Green power solutions for miners

Currently, China contributes to around 70% of cryptocurrency mining due to its relatively cheap electricity. Growing pollution concerns from coal-fired power have resulted in legislation being introduced to restrict mining in cities such as Beijing. This has led to miners seeking out new locations to set up operations.

In Norway, hydropower contributes to more than 99% of electricity, while Sweden uses a combination of hydropower/nuclear at a 40/40 split.

Both Norway and Sweden have encouraged their countries to welcome cryptocurrency mining. It makes commercial sense, as energy providers will be attracted to the consistent power draw of mining operations that tend to run round the clock. Cheaper renewable power, cooler climates that aid cooling requirements and friendlier crypto legislation in these countries are proving enticing to mining companies.

Future power requirements

If the growth in cryptocurrency energy consumption continues at current rates, it will quickly become unsustainable. Credit Suisse estimates that if Bitcoin’s price were to reach USD 50,000, we would see an increase in the electricity consumption by ten times. With a wider adoption of blockchain among our other growing energy requirements, we will need to take steps towards greener energy solutions.

Rising mining power requirements could stimulate more growth in renewables as more portable variations are quicker to set up compared with nuclear alternatives. Localized renewable power solutions also require less infrastructure compared with nuclear, which often needs to be situated near a water source.

The power requirements of mining have the ability to have a knock-on effect on other markets. Higher demand for renewables will create more jobs and competitive markets lead to innovation.

 

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Intel Pursues Patent for Bitcoin Mining Hardware Accelerator

Leading tech firm Intel is looking to patent a hardware development that would accelerate the process of Bitcoin mining chips, as revealed in recently published documents.

Accelerating Bitcoin mining

The application for the patent was submitted to the US Patent and Trademark Office in September 2016, with the details made publicly available on 29 March 2018. The formal request seeks to patent specifically a “Bitcoin Mining Hardware Accelerator With Optimized Message Digest and Message Scheduler Datapath”.

Intel outlines the benefits of the mining hardware accelerator in the application, detailing the process by which the software can increase the efficiency of Bitcoin mining. The hardware is described as consuming less electricity than standard software used for mining, increasing the economic efficiency.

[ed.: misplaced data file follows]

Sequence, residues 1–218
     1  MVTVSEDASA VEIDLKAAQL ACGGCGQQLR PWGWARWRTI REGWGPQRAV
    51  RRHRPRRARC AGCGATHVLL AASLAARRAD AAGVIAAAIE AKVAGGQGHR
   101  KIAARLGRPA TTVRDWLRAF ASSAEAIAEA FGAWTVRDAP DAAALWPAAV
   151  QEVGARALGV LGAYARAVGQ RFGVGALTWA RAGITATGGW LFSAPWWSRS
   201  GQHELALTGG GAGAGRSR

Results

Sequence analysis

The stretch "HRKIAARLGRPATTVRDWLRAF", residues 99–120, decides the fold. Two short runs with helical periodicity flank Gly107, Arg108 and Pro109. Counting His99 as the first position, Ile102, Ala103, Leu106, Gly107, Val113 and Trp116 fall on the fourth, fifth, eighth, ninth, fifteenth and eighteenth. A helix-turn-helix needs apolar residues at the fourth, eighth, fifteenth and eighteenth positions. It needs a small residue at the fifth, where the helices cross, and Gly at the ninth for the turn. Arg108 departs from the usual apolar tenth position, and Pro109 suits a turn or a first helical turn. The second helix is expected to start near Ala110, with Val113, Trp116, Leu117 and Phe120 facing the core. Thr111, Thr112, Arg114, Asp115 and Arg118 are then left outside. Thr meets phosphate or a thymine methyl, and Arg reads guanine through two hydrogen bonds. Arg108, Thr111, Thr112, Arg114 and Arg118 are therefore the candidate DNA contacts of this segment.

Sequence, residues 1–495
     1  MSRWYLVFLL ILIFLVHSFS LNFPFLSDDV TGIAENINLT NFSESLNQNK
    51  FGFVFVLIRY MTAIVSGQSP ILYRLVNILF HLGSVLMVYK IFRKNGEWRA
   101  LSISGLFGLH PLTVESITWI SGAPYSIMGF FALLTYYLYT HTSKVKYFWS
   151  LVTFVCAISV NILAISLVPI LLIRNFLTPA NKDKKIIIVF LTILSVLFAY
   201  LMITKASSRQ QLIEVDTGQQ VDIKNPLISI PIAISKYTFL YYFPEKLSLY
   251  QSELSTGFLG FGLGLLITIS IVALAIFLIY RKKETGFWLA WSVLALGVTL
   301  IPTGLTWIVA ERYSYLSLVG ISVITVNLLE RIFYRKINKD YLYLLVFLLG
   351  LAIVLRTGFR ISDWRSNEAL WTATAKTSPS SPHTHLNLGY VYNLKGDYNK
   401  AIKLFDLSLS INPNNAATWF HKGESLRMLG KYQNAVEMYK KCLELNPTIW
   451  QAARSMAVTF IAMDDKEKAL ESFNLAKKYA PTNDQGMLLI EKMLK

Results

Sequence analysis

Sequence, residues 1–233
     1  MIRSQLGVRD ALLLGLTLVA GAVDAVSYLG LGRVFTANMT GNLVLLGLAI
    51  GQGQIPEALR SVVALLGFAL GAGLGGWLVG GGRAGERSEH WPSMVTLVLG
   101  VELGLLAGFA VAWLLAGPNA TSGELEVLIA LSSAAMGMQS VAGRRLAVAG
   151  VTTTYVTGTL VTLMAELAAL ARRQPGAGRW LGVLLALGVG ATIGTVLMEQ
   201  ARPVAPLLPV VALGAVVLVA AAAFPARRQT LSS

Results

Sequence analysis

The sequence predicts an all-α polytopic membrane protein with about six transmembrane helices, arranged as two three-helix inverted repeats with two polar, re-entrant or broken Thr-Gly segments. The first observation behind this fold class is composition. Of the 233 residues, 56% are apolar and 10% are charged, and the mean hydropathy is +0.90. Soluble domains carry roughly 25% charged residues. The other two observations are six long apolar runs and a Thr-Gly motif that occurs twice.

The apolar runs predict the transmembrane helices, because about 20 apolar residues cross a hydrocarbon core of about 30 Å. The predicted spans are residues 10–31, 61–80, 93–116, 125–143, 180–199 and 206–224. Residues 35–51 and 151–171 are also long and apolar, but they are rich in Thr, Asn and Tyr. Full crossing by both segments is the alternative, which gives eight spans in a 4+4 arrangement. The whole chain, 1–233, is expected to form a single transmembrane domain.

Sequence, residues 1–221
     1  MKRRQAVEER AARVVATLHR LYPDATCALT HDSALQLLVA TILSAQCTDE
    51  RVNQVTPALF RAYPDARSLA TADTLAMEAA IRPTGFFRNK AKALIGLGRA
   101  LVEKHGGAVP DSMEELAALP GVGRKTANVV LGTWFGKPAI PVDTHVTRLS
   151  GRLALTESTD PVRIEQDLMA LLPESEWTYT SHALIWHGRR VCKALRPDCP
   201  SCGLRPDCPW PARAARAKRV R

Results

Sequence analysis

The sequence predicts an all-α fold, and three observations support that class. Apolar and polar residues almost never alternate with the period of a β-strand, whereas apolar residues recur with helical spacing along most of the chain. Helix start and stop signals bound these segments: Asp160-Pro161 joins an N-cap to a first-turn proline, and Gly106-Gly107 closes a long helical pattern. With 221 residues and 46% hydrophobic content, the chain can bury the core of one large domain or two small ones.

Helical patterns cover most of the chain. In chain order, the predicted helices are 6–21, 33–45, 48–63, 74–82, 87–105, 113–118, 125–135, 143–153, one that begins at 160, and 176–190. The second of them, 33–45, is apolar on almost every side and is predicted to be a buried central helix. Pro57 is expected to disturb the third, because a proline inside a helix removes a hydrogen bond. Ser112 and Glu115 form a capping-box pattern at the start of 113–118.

Acquiring a patent such as this addresses the problems associated with conventional Bitcoin mining. As addressed in the application, the hardware utilized in the mining process ”uses brute force to repeatedly and endlessly perform SHA-256 functions”. This results in the process of Bitcoin mining being both power-intensive and employing large amounts of hardware space.

The hardware accelerator reportedly offers to reduce the space used, as well as cut the amount of power consumed during mining by up to 35% against a general-purpose processor.

Intel’s links to Bitcoin

This latest event follows previously reported connections between Intel and Silicon Valley bitcoin mining startup, 21 Inc. Intel originally developed chips for the fledgeling company, although plans to incorporate these chips into other Intel products never reached the market.

In March 2015, Intel reportedly listed a job application citing they needed a researcher to “investigate hardware and software capabilities that advance the performance, robustness, and scalability of open, decentralized ledgers.”.

A patent applied for by Intel in December 2017 illustrates the company’s focus again on the energy-intensive process involved in genetic sequencing. This patent does not, however, focus explicitly on mining any form of cryptocurrency.

If a leading industry company such as Intel should choose to invest further in the development of Bitcoin or blockchain innovations, the potential impact could be significant.

 

 

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Ethereum Markets React to Rumored ASIC Miners

Rumors surrounding a new Ethereum mining rig from leading mining hardware provider Bitmain have resulted inEthereum prices dropping below a one-week high of USD 585. Ethereum isn’t the only blockchain network wary of new Application-Specific Integrated Circuit (ASIC) mining tech, with Monero already set to resist ASIC mining earlier this week.

Rumors with substance

The stories sparked up when CNBC reported a statement Susquehanna analyst Christopher Rolland had written to clients:

“During our travels through Asia last week, we confirmed that Bitmain has already developed an ASIC [application-specific integrated circuit] for mining Ethereum, and is readying the supply chain for shipments in 2Q18. While Bitmain is likely to be the largest ASIC vendor (currently 70-80% of Bitcoin mining ASICs) and the first to market with this product, we have learned of at least three other companies working on Ethereum ASICs, all at various stages of development.”

Traditionally, Ethereum has been mined using GPUs, but the new ASIC from Bitmain would result in even higher entry barriers for the casual miner. The most devoted of crypto enthusiasts see this as an antithesis to the blockchain ideology; ASIC mining rigs are often at the centre of controversies and are far more expensive than the GPUs used primarily by gamers, outclassing them in mining power.

Cause for controversy

While ASIC chips have been Bitmain’s powerhouses for mining Bitcoin and Bitmain’s mining pools account for significant portions of all the processing power on the global Bitcoin network, they are still finding themselves coming up against a great deal of resistance.

The shakeup comes down to the technology creating such high barriers that lead down a road of centralization. On top of that, GPU mining competition could be threatened by the new hardware, potentially causing GPUs to become obsolete, forcing miners to move to other newer cryptocurrencies despite the fact that GPU mining has proven profitable for Ethereum miners so far.

Even Monero appears to be taking on Bitmain. Earlier in the month, Bitmain announced the latest rollout of purpose-built Monero mining rigs, the Antminer X3. This, according to a post made by Monero, opens plenty of issues for the network and does not fit with its network ethos.

It is not clear what the ASIC boom will bring to the competition of the global mining arena, but the contentious tech could spell an end for GPU cryptocurrency mining and perhaps the majority Ethereum GPU mining.